Every year a variety of exciting films release in Kollywood. While some of them gain the appreciation of the audience, others gain critical acclaim, and, others just vanish without a trace. Some films are high-anticipated, mainly for the star cast the film comprises of. And, the pre-release buzz some films create automatically draw audience to cinemas. In 2015, we had a variety of films that catered to different sections of the audience. From the magnum-opus Baahubali to the humble Kaaka Muttai, good films won the attention of audience. But, 2015, saw a few disappointing films as well. We bring you a list of best and worst films of 2015.
Please Note: The films are listed in no particular order
Baahubali: The Beginning
Unarguably one of the best films of this year, director S. S. Rajamouli’s Baahubali, a Telugu-Tamil bilingual took the audience into a fictitious world,and marveled the audience with all things larger-than-life! One of the success points of this film was that the director presented an age-old story in refreshingly new manner, along with stunning VFX. This film not only won the attention of the regional audience, but also made headlines around the world; making the film’s Telugu actor Prabhas into a household name.
When a film focuses on themes such as globalization, class-divide and politics you’d expect it to be an intense social drama. But, here’s where Kaaka Muttai did something different. It brought out these concepts in a most entertaining manner. The film centered around two underprivileged children, hose wish was to eat a slice of pizza. Director M. Manikandan delivered an outstanding debut in a film that stole our hearts!
A remake of the highly successful Malayalam film Drishyam, and directed by Jeethu Joseph (director of the original film), Papanasam became a hit Tamil film. The plot and the characters were were altered to suit the local milieu. With stellar performances by Kamal Haasan, and Jethu Joseph‘s taut screenplay, this was undoubtedly the best thriller of the year.
A poetic masterpiece, Uttama Villain was a meta film which portrayed the life of superstar (Kamal Haasan) and his struggle to come in terms with the realities of life. The film shifted to two different time zones, and the audience felt like they are living through them both. The different eras were both stunning and heart-warming. It brought Indian folk art to life!
Oh Kadhal Kanmani
A new-age love story, Oh Kadhal Kanmani gave an insightful spin on concepts such as infatuation, live-in relationship and true love. The theme was fairly new to it’s otherwise conservative Tamil audience (the film was dubbed in Telugu), and yet, it managed to strike the right chord with them. Credits to the lead pairs (Dulquer Salmaan and Nithya Menen). The magic of the film lies in defining what love means, without being preachy. Director Mani Ratnam made a sensational comeback with this film.
Mohan Raja, who was earlier known as Remake Raja (after making seven hit remakes), delivered Thani Oruvan – his most original film till date. Aravind Swamy as Siddharth Abhimanyu played the role of a stylish and suave antagonist, and made an impressive comeback. The interesting cat-and-mouse chase sequence between Jayam Ravi and Aravind Swamy had us asking for more.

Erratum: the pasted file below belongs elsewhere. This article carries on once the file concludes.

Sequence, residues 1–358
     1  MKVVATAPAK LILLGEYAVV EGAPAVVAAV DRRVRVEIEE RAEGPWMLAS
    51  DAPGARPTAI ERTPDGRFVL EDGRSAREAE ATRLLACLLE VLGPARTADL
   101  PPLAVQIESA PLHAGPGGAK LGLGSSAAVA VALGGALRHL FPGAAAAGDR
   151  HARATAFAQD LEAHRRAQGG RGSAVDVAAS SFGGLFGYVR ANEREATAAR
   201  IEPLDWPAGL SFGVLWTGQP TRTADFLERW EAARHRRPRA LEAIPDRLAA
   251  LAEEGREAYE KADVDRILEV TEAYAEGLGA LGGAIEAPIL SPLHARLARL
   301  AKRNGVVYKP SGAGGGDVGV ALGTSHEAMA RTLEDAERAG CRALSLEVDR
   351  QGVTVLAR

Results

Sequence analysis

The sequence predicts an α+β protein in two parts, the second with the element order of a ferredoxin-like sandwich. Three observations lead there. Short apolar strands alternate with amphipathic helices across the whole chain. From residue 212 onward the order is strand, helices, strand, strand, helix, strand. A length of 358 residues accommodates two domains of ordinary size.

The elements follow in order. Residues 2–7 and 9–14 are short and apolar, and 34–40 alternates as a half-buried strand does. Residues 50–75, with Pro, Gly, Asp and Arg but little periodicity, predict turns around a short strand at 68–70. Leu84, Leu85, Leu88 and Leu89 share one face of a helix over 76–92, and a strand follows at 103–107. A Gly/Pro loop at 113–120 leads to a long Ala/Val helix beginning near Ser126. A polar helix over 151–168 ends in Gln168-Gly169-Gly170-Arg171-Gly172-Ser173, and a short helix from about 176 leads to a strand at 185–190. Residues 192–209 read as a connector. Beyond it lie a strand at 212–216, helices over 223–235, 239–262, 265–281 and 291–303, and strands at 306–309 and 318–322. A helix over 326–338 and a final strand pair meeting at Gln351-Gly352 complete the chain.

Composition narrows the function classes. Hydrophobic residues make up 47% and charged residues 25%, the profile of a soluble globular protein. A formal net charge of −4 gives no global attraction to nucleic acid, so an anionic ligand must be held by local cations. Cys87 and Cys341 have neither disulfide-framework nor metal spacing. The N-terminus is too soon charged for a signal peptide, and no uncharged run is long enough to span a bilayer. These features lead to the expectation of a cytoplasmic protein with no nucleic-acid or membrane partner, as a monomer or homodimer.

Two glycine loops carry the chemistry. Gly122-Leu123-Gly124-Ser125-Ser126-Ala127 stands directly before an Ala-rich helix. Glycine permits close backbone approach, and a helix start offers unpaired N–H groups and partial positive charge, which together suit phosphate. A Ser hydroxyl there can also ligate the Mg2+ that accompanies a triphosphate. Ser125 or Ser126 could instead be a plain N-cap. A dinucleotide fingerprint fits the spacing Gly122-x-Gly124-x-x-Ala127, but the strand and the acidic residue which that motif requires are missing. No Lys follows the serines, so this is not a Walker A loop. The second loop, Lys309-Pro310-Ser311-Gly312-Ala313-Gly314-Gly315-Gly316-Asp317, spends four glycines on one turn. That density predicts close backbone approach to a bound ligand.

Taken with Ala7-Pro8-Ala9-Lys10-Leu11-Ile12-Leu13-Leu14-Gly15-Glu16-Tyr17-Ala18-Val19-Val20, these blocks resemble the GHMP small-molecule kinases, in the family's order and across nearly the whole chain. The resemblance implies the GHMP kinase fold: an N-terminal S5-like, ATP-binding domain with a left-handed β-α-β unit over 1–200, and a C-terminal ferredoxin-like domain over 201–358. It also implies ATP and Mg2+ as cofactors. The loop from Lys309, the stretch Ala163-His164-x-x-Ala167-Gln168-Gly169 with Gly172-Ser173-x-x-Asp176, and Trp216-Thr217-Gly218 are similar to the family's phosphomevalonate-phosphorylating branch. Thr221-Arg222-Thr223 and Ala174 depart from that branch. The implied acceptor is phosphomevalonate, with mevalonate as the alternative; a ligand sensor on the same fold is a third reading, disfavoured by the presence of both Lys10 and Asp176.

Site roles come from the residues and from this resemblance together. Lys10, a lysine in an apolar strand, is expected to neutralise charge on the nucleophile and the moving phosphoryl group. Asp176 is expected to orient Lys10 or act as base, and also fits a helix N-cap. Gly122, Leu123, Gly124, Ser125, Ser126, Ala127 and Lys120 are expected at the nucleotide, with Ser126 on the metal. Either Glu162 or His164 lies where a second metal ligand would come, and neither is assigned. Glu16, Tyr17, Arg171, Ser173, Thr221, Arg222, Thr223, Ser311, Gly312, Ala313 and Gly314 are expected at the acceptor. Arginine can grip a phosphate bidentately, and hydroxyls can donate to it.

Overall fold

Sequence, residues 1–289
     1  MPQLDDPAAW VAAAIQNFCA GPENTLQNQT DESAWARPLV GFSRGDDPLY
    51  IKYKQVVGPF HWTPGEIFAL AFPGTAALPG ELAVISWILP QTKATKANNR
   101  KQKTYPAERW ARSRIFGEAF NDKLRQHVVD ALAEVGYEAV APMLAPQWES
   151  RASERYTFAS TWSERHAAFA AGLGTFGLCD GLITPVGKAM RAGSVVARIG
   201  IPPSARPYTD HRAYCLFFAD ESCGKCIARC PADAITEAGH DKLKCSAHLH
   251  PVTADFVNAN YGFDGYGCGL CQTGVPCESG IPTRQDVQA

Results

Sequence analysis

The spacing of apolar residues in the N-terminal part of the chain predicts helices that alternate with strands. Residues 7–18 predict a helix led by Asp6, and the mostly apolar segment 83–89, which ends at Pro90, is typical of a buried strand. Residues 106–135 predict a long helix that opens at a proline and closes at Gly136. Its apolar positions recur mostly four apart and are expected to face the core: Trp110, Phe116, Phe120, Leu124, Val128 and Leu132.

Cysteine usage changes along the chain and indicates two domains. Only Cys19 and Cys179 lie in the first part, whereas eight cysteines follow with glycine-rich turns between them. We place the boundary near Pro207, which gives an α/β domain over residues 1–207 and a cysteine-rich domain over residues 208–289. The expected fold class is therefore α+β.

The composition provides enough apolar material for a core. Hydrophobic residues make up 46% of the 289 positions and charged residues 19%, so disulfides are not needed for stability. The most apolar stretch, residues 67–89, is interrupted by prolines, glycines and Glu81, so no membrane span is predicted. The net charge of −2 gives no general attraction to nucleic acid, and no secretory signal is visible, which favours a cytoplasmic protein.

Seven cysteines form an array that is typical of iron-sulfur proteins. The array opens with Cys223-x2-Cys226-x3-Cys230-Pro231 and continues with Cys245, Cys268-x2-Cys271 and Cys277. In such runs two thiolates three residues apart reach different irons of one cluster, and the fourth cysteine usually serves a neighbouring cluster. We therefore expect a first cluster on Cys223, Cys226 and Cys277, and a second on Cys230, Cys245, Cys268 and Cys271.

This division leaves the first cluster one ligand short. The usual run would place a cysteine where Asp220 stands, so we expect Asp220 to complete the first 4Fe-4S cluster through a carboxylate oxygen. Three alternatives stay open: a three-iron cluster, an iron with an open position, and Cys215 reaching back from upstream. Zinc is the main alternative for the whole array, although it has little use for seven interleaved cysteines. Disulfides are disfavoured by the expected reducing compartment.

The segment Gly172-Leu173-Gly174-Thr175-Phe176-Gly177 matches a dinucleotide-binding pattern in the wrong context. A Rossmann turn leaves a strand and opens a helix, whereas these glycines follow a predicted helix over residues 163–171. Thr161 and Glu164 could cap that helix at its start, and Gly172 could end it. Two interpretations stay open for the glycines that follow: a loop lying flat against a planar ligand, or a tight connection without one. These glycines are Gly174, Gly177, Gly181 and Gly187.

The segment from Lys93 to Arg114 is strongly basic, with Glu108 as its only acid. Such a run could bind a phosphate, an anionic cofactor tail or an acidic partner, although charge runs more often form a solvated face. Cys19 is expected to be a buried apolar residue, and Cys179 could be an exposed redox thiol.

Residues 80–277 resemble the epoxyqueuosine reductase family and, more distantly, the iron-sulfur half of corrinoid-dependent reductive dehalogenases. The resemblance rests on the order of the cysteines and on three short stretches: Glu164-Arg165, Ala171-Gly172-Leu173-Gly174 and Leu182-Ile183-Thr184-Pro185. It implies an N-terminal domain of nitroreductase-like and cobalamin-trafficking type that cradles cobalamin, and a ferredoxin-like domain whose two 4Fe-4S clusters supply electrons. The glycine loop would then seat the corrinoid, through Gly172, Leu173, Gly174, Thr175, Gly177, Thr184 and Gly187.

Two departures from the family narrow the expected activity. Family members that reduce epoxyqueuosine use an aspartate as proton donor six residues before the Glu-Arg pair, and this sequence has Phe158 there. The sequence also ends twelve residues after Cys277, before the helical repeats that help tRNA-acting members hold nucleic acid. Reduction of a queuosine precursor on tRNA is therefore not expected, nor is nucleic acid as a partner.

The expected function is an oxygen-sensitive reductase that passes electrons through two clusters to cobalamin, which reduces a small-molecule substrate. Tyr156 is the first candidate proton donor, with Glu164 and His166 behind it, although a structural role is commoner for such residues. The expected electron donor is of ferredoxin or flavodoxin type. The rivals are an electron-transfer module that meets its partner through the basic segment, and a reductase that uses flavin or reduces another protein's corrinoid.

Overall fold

In 2014, Nayanthara, Udhayanidhi and Santhanam starred in Idhu Kathirvelan Kadhal, and it didn’t work at the box-office. This year, the trio reunited for Naanbenda, and the result was fairly disappointing. The dull story with its ‘silly’ twists didn’t appeal to many. The audience were expecting hilarious one-liners, but we were disappointed with the mediocre comedy. The songs of the film however, were a huge hit
A part of the Muni franchise, Kanancha 2 was director Raghava Lawrence‘s horror-comedy in 2015. Just like the other films, Kanchana 2 featured a revenge theme between a spirit and a mortal being. The audience witnessed the same formulaic film with consisted of unexciting VFX, the routine comedy and the melodramatic back-story of the ghost – offering nothing new. The film disappointed a large variety of audience, however it still managed to do good business at the box-office.
One major strength of Maari was the film’s quirky characters and funny one-liners. Dhanush‘s character of a fashionable rowdy and his punch dialogues may have become trend setter. But, that’s about it. The film was meant to idolize it’s hero, and didn’t actually boast of a solid story. It was written-off as a film strictly for Dhanush fans.
After a long delay, Silambarasan’s Vaalu was finally out in theatres. But, the film had everybody disappointed as the story of the film wasn’t worth the hype that it created. Infact, it didn’t have any solid story to offer, and seemed haphazard. The film’s only take away was Simbu’s energetic performance, but even that hindered by numerous punch lines mouthed by the actor.
Eli was a crime-comedy that was set in ’80s and starred ace comedian Vadivelu as the protagonist. But, had no comedy or the thrill that the genre promise. Dull jokes and an endless run time were few of the negative aspects of this movie. Vadivelu can make even an uninteresting film entertaining, and that’s exactly what he tried to do in Eli as well. Even the drag Queen version of Vadivelu didn’t brighten the ‘comic’ sequences.
No amount of reasoning would explain why some big names such as Jayam Ravi, Trisha starred in this mindless and unimaginative film. The film had some crass comedy with misogynistic characters that seemed very outdated.